The book’s final chapter examines the “credit issues in the ethnic ownership economy”. Here, Light and Gold argue that the American financial institutions have failed to provide financial services to immigrants, to the poor, and to women, causing their ethnic economies to grow more slowly and preventing them from generating jobs that would otherwise be possible. This neglect, Light and Gold argue, is minimally related to social discrimination of the banking industry against immigrants, nonwhites, women, and inner city residents. “The main contributor is the high cost banks face when servicing these problem markets” (p. 225). Lacking access to the mainstream savings and credit, however, does not totally undermine ethnic economies. Immigrants, ethno-racial groups, and women, rely on two informal nonblank financial institutions for credit and loan to start a business; microcredit and rotating savings and credit associations (ROSACs). ROSACs are founded by a group of friends or members of an organization who pool their money together and give it to members to start a business or purchase consumer items. When all members have received the joint fund, the club is terminated, and a new one formed. ROSACs are found in Latin America, Central America, Africa, Asia, and the United States. Based on social scientists’ ethnographic evidence, Light and Gold claim that all contemporary immigrant groups in America that originated in the Third World have used ROSACs for financial needs. Microcredit agencies in the United States “provide credit to those who, lacking access to bank credit, are nonetheless capable of developing and maintaining their business with minimal support. The agency provides that minimal support and seeks to recoup the cost from user fees” (p.222). The key for both Grameen-style microcredit and ROSAC non-banking financial institutions to accomplish and enforce this feat is social capital. Whereas banks do not accept social capital as loan collateral, both microcredit and informal credit agencies “orient their entire strategy around social capital” (p.226). Given the major role of informal credit and microcredit agencies and their scarcity, relative to banks, Light and Gold conclude the chapter by indicating the need for a structural reform in American financial system which expands the role of informal credit and microcredit agencies and better serves the needs of the poor, of women, and of small business.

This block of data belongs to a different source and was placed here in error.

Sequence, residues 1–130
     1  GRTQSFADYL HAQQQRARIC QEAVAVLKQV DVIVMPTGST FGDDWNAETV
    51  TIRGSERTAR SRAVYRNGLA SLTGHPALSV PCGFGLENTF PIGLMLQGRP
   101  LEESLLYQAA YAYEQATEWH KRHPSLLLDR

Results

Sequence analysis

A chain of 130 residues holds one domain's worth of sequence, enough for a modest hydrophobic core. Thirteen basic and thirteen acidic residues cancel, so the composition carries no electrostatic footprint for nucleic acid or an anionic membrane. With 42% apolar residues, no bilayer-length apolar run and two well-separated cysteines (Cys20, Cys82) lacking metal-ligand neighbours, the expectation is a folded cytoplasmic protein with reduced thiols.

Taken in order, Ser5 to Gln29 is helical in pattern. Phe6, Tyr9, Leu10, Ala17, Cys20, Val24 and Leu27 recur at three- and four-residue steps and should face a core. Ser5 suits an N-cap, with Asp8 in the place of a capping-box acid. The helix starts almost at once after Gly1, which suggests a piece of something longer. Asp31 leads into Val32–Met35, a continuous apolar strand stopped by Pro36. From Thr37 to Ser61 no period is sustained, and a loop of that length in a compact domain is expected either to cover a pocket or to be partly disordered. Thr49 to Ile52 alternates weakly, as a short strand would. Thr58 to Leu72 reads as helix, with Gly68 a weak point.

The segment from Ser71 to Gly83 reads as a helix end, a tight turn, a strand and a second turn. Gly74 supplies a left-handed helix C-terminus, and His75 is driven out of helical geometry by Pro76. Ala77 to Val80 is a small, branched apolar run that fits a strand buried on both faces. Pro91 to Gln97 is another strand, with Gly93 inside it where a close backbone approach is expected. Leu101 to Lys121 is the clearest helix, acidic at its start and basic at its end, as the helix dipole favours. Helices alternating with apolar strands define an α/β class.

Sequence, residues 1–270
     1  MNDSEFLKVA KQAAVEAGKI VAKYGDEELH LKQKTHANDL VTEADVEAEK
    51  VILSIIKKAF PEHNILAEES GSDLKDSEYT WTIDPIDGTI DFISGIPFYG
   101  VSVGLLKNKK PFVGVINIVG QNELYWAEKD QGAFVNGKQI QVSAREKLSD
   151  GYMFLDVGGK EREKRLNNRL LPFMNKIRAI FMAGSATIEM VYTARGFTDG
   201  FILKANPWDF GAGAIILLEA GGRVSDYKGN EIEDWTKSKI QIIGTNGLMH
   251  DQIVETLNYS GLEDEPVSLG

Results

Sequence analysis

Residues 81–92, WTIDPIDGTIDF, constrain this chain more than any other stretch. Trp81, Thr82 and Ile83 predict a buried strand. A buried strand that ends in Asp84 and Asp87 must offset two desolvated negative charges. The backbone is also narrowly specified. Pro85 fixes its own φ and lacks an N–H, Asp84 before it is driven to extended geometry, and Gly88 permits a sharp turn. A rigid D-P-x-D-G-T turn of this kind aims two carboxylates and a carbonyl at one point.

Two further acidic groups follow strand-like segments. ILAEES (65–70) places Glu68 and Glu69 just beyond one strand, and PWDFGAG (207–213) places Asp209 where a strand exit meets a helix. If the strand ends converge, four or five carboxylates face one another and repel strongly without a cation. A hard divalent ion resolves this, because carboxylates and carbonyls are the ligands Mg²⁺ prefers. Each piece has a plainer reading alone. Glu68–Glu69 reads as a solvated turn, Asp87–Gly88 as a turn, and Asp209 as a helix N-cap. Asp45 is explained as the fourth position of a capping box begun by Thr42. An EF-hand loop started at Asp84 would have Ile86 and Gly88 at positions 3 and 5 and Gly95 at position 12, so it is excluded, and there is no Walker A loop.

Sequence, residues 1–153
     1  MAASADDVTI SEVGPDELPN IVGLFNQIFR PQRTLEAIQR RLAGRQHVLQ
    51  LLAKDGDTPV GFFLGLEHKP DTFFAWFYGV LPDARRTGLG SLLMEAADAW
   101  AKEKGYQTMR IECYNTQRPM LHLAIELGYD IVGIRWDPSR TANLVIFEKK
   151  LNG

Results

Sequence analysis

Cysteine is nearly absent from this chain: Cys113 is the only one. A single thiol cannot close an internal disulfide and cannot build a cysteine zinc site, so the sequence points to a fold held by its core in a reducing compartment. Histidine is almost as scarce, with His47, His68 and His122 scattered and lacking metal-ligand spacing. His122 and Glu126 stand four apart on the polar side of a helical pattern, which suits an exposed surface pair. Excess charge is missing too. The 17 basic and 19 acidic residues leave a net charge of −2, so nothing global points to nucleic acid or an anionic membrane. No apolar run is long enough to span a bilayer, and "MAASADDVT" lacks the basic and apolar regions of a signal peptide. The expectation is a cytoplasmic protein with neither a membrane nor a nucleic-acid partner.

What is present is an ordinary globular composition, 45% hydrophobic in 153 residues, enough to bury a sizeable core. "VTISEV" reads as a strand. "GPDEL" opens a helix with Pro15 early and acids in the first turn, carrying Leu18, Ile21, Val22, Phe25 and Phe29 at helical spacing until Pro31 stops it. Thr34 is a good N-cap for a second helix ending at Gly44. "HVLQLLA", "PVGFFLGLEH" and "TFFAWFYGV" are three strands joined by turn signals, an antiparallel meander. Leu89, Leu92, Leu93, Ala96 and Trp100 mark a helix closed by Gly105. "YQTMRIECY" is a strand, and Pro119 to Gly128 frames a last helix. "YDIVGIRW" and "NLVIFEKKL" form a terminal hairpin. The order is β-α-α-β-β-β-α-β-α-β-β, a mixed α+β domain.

Together, these nine chapters paint a detailed picture of the economic adaptation of immigrants and ethnic minorities in America. The book enriches our understanding of the economic adaptation of immigrants and ethnic minorities in America. Ethnic Economies provides a compelling argument about the economic benefits of ethnicity and ethnic-based collectivism. With Ethnic Economies, Light and Gold provide a valuable addition to the growing literature on ethnic entrepreneurship. The only area that leaves one asking for more involves the overview of major theories and arguments that social scientists have developed to explain the entrance of ethnic minorities and immigrants into ethnic enterprise. The authors only discuss the resource-constraint variant of disadvantage theory for creation of ethnic economies. A review of other major theoretical perspectives that discuss transformations of Western economies and their impact on ethnic entrepreneurship (Light and Bonacich 1988; Waldinger et al. 1990, and Ward and Jenkins 1984,) and “interactive” perspective that focuses on the interaction between the opportunity structures of the host society and ethnic groups (Waldinger et al. 1990) would have enhanced the usefulness of this volume.